Hickman Mills Supt. Dennis Carpenter will soon have a new job at the Lee's Summit R-7 School District.
“How do you live in a metropolitan area and believe yourself to be a school leader and not jump at the opportunity to serve as superintendent in one of the top places to live in this country?” Carpenter said Monday at a news conference.
The Lee's Summit Board of Education is finalizing Carpenter’s contract for the 2017-18 school year. It’s likely to be approved at the Jan. 19 board meeting.
Carpenter, who hails from Georgia, has served as the top administrator for Hickman Mills since 2013.
“My current district is a district in which 100 percent of children qualify for free or reduced lunch, and many of those students reside at least one standard deviation below the poverty line,” Carpenter say.
Under Carpenter, Hickman Mills retained provisional accreditation with the state. But last year's annual performance score was the lowest of any metro district. After those scores were released in November, Carpenter sharply criticized the state's accountability system, saying it was biased against high-poverty districts.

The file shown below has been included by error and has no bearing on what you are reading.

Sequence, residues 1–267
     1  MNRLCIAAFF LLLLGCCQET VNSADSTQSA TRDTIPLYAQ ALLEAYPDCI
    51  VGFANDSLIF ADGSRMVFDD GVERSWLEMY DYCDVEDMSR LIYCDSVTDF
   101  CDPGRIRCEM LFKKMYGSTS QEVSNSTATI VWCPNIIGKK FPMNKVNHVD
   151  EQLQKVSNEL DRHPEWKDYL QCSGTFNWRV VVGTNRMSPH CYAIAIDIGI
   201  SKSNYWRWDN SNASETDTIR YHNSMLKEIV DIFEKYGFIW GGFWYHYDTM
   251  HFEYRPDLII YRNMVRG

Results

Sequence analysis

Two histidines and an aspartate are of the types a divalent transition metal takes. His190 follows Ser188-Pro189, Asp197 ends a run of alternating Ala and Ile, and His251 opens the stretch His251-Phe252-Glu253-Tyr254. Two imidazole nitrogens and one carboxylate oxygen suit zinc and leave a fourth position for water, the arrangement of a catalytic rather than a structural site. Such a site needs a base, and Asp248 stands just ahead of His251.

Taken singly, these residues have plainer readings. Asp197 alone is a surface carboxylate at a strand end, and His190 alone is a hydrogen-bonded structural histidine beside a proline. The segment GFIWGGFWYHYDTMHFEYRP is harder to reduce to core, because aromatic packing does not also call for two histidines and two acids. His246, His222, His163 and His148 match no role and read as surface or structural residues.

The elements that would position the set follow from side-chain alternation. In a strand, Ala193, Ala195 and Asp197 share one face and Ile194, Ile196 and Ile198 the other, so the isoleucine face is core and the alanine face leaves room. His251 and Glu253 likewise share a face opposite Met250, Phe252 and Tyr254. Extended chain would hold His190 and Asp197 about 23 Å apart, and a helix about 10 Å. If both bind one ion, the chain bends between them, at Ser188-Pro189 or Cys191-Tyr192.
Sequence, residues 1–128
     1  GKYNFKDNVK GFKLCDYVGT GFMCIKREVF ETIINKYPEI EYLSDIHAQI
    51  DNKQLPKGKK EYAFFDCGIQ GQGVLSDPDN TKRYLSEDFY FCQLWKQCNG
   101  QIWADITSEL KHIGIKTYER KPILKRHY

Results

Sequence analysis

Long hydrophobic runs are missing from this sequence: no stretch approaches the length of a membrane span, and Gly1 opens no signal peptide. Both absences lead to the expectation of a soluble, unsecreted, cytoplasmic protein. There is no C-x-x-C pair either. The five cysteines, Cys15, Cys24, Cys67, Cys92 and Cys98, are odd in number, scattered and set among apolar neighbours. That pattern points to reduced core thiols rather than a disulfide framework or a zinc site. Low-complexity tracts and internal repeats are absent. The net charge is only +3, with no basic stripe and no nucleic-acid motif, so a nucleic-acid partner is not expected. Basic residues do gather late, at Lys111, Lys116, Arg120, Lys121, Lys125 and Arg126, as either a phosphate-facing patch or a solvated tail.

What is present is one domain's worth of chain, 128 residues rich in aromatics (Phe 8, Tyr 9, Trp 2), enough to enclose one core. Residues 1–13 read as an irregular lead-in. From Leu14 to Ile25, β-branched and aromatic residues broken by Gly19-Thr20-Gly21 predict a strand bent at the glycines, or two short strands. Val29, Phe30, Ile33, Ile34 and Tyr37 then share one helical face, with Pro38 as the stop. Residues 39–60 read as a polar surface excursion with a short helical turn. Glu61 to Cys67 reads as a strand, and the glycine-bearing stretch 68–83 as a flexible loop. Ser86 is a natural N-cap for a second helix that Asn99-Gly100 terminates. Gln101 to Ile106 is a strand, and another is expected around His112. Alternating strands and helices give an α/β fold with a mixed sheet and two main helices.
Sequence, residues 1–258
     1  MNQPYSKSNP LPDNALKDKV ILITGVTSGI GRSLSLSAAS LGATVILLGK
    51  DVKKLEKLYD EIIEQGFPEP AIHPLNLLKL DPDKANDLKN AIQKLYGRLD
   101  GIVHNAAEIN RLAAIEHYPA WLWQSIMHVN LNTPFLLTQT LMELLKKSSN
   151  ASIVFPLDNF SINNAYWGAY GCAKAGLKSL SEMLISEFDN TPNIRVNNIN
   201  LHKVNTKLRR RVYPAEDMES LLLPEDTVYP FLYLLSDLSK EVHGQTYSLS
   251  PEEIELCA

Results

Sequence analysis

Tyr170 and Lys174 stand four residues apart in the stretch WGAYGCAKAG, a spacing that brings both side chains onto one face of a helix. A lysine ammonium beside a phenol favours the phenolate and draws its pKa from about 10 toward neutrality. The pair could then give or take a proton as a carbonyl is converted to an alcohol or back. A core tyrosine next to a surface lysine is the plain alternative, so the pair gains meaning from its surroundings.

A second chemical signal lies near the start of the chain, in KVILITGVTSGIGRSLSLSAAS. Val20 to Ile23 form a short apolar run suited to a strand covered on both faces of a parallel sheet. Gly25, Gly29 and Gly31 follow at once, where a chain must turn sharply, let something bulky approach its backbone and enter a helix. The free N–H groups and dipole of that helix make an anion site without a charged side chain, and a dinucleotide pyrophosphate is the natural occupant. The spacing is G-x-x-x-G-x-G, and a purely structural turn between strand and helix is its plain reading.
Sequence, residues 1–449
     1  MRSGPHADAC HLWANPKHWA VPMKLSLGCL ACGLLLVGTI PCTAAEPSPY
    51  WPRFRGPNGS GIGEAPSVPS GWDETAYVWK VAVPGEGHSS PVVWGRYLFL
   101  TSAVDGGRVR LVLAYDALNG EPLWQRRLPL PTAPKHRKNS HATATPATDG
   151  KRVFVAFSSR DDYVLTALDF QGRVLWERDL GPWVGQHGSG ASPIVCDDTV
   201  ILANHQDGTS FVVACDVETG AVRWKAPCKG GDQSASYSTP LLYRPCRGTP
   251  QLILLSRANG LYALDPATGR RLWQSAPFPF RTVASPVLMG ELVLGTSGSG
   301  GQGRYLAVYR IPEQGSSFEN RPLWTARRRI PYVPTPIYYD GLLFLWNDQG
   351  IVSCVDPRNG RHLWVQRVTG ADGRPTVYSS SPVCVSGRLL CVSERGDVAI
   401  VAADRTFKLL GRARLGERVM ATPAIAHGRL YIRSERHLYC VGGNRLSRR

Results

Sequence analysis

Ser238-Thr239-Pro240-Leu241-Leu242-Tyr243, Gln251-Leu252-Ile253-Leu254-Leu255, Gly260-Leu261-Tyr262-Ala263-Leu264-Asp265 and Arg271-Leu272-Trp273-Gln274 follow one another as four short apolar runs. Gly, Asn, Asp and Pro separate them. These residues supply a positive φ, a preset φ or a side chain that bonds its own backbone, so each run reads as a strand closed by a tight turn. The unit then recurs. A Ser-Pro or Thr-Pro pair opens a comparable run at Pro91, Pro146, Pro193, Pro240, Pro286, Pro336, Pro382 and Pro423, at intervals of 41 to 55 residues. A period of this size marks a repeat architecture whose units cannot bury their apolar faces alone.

The situation isn’t as dire in Lee’s Summit, where less than 20 percent of students qualify for free or reduced lunch.
Still, Carpenter says there are at least 300 to 400 kindergartners from low-income families entering the district each year.
“If a child resides one or more standard deviations below the poverty line, their quickest ascension into the middle class is early learning,” Carpenter says. “But is that a need for every student in Lee’s Summit? Probably not.”
Carpenter helped launch a universal pre-kindergarten program for 4-year-olds in Hickman Mills. But he says he’s not planning big changes for his first 100 days as superintendent in Lee’s Summit, which will begin this summer.
“I think when you have a district that scores nearly a perfect score as it relates to the state’s accountability system, there’s no urgency around change,” Carpenter says. “The urgency should be around developing a community goal for greatness.”
In a statement, Board President Bob White called Carpenter “the perfect fit for Lee’s Summit R-7. Our Board of Education was especially impressed with Dr. Carpenter's extensive experience in instructional leadership, student success, fiscal management, operations and school renovation/construction.”
The Board started searching for a permanent superintendent last summer after David McGehee stepped down amid citizen accusations of improperly handled contracts and a public spat with some school board members. Board members were concerned about a possible conflict of interest created when McGehee began a relationship with a lawyer that represented the district.
Elle Moxley covers Missouri schools and politics for KCUR. You can reach her on Twitter @ellemoxley.
Digital editor Cody Newill contributed to this report.